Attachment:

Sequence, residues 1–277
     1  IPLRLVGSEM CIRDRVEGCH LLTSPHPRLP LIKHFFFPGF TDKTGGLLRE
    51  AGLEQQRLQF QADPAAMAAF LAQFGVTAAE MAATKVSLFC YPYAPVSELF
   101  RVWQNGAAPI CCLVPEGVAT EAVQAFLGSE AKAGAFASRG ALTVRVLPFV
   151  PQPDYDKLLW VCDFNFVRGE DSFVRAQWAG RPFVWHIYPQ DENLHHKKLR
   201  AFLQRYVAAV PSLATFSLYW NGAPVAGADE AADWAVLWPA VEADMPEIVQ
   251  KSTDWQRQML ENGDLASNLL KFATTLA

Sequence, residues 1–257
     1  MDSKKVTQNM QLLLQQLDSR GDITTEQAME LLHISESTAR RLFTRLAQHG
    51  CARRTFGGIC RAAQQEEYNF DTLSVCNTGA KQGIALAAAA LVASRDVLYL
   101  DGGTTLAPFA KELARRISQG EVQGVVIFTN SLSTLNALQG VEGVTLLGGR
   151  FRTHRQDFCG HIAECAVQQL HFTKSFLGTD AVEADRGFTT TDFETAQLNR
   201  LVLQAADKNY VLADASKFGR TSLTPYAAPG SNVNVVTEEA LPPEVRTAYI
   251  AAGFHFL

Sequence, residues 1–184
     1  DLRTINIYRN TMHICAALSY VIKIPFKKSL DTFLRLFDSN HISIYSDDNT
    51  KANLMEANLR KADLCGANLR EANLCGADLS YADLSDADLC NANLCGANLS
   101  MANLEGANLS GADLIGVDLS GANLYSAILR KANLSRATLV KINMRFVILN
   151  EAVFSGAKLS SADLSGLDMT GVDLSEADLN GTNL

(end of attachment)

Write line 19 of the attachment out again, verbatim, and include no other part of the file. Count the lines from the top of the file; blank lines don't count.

   151  EAVFSGAKLS SADLSGLDMT GVDLSEADLN GTNL